Energy Race Raises Human Rights Concerns in DRC Mining

Discussions on the climate crisis have become crucial in global negotiations and policy building, in matters of energy, and decarbonization of the global economy. Adoption of The Paris Agreement at the UN Climate Change Conference (COP21) in Paris, France, on 12 December 2015, which entered into force on 4 November 2016 has arguably put pressure on the players in their commitment to transition to green energy. Thus, the expansion of industrial-scale cobalt and copper mines in the Democratic Republic of the Congo (DRC), was inevitable.

The DRC has the world’s largest reserves of cobalt and the seventh-largest reserves of copper. Growing demand for clean energy technologies has created a corresponding demand for certain metals, including copper, and cobalt, which is essential for making most lithium-ion batteries. These are used to power a wide range of devices including electric cars and mobile phones.

According to a report published by Amnesty International and the DRC-based organization IBGDH, or Initiative pour la Bonne Gouvernance et les Droits Humains (Initiative for Good Governance and Human Rights), in September 2023 titled; Powering Change or Business as Usual?, the expansion of industrial-scale mines that extract cobalt and copper for rechargeable batteries has led to forced evictions and human rights abuses, including sexual assault, in the DRC.

If history is to be referenced, the Congolese have endured more than a century of conflict and violence, purposely fueled by multinational corporations and governments vying for control of their resources. Currently, Multiple cases of forced evictions and grievous human rights abuses including sexual assault, arson, and beatings, at the hands of local government authorities and mining corporations have been documented and linked to the expansion of industrial-scale cobalt and copper mines in the DRC.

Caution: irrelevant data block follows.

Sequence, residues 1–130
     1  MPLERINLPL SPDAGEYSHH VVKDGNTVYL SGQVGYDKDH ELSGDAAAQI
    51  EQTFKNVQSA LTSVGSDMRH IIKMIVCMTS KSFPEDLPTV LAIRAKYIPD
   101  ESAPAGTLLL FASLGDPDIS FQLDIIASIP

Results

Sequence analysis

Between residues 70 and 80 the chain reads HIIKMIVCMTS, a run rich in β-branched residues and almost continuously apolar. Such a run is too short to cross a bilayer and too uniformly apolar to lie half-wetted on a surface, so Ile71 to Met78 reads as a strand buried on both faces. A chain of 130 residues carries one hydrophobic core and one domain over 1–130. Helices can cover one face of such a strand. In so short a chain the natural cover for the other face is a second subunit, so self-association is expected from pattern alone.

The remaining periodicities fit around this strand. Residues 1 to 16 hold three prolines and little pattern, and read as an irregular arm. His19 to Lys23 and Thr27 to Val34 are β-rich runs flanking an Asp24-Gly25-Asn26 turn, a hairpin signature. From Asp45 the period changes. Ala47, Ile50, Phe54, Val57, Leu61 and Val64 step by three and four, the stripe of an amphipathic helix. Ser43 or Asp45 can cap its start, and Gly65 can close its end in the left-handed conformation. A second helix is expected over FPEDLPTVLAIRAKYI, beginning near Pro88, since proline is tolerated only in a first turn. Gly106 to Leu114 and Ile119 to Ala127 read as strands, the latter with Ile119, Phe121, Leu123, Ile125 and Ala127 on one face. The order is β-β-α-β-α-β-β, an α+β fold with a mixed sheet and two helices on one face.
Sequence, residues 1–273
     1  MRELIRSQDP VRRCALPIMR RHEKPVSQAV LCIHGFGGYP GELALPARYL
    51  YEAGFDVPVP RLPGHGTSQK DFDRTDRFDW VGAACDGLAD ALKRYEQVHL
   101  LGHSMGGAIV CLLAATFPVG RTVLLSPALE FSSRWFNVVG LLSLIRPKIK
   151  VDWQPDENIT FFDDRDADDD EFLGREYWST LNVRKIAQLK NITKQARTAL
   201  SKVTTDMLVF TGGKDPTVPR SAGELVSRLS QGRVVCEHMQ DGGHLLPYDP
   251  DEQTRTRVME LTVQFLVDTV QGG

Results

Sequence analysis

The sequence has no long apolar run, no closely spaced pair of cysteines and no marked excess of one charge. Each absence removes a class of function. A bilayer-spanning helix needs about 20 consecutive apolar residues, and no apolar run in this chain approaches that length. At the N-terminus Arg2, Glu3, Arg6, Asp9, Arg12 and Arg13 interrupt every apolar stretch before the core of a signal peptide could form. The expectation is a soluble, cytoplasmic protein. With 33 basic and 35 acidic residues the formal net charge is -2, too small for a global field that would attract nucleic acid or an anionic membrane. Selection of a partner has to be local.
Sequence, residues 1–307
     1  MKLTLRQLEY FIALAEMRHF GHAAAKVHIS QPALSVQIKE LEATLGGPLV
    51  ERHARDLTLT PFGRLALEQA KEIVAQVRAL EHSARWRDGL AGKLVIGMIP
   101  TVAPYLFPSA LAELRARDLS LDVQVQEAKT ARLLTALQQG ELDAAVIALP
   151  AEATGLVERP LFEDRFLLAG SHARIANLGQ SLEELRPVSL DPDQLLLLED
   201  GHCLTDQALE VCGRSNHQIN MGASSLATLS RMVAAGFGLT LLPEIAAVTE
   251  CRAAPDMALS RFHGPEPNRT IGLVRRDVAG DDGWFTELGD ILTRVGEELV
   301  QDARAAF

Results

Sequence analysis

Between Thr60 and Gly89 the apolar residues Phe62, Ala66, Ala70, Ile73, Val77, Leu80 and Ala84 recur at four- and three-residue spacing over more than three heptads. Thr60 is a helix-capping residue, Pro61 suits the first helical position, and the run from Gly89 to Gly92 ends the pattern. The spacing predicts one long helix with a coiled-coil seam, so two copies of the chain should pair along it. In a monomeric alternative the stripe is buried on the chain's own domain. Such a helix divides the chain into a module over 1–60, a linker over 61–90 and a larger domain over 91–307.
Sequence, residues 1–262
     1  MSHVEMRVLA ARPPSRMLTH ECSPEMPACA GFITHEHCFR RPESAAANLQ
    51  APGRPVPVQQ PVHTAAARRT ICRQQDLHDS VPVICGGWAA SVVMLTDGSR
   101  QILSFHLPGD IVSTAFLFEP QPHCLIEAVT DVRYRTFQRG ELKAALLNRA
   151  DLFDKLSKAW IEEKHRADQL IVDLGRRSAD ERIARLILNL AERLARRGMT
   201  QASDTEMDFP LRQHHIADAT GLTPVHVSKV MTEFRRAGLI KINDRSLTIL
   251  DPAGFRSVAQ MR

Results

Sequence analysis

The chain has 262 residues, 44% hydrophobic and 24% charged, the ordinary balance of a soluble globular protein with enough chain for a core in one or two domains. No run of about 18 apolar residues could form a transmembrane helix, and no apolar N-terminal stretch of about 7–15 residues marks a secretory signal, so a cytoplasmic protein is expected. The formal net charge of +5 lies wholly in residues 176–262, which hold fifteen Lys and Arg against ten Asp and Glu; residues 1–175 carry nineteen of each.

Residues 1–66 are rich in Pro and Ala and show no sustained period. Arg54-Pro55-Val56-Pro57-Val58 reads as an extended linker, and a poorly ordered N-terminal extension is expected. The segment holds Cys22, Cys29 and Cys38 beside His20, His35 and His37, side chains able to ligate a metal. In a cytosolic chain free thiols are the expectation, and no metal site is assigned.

Donat Kambola, president of IBGDH, said: “People are being forcibly evicted, or threatened or intimidated into leaving their homes, or misled into consenting to derisory settlements. Often there was no grievance mechanism, accountability, or access to justice.”

The continuous human rights violations are perpetuating a cycle of poverty and violence. The absence of compensation exacerbates the impoverishment of these communities, leaving them even more vulnerable. According to the Institute of Security Studies, over 40,000 child miners continue to illegally toil in dangerous conditions, including as washers and diggers, extracting coltan despite reforms in the DRC’s mining code in 2017.

Additionally, it is important to recognize that extensive research has linked coltan mining in the DRC to large-scale environmental degradation, with devastating consequences for the region. The Global Forest Watch reveals that the DRC has lost 8.6% of its tree cover since 2000, and mining, particularly coltan extraction, is identified as a major driver of deforestation.

A miner carrying his mine products to be transferred to industries… courtesy online

Apart from the damage done by unregulated artisan diggers, the manual process of mineral separation involves washing in streams and rivers using chemicals that pollute water bodies and produce radioactive substances harmful to aquatic life and human health. All this is risked at the expense of producing clean energy.

“The Democratic Republic of the Congo can play a pivotal role in the world’s transition from fossil fuels, but the rights of communities must not be trampled in the rush to mine minerals critical to decarbonizing the global economy,” says Agnès Callamard of Amnesty International.

The urgent need to address human rights violations and environmental harm linked to coltan mining in the DRC requires immediate action. Collaboration among nations, adoption of transparent mining methods, and commitment to ethical standards across the supply chain are crucial to alleviate the severe consequences of coltan extraction on communities and nature.

As users of technology, educating ourselves about its problematic aspects empowers us to demand ethically sourced materials and support efforts for a more responsible global mining sector.

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